Written by 7:03 am In the News

Long-lost monastery unearthed

The site of an 8th Century monastery that was believed to have been lost has been unearthed next to a church.A team from the University of Reading unearthed the remains on the site of Holy Trinity Church in Cookham. Archaeologists believe it is the place where Queen Cynethryth ruled a monastic community at Cookham Abbey in the 8th century.The queen was the widow of the powerful King Offa of Mercia; the exact location of the monastery ruled by her – had long baffled historians.

While written sources from the Middle Ages reference the abbey, no physical trace had ever been found before the University team struck timber and pottery near Holy Trinity Church earlier in the summer.

They hope it will give a unique insight into one of the most prominent women of the early middle ages.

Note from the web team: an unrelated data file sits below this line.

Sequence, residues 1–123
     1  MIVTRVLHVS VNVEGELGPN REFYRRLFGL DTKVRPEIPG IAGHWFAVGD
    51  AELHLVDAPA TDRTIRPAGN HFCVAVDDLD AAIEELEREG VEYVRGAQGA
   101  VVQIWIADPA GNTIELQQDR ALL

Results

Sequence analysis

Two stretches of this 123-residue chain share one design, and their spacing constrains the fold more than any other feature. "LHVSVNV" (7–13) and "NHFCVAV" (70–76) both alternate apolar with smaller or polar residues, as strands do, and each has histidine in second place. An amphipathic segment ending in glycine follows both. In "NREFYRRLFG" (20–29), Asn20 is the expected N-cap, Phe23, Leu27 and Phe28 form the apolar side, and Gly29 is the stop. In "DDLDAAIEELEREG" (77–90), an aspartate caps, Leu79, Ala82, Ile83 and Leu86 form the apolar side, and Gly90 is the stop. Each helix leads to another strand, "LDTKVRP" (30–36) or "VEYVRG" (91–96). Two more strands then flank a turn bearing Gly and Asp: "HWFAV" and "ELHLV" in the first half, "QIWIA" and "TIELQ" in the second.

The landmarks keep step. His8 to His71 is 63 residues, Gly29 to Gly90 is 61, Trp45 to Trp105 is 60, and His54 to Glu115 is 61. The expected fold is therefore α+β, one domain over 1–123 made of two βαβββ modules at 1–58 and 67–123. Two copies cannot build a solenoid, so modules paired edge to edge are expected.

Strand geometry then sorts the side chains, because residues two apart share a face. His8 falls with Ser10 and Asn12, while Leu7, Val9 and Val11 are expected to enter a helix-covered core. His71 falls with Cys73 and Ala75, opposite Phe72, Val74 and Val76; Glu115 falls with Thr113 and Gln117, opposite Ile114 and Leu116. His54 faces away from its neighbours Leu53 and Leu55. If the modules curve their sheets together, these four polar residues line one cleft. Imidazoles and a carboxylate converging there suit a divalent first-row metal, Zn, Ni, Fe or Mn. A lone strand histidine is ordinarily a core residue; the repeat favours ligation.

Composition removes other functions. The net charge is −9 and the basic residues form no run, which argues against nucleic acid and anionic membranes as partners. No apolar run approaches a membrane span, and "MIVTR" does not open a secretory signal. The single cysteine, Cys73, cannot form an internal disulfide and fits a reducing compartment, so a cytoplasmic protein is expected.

Cynethryth, who it is believed died in 798 AD, is the only Anglo-Saxon queen known to have been depicted on a coin. Written records showed she became the royal abbess of a monastery after the death of her husband, King Offa. This church was one of the rumoured sites of the missing monastery.

The team, including researchers from the University of Reading, found evidence of timber buildings where monks and nuns lived, as well as clay cooking pots, jewellery and personal belongings.Local volunteers also joined in the search and excavation.

(Picture Courtesy: University of Reading)

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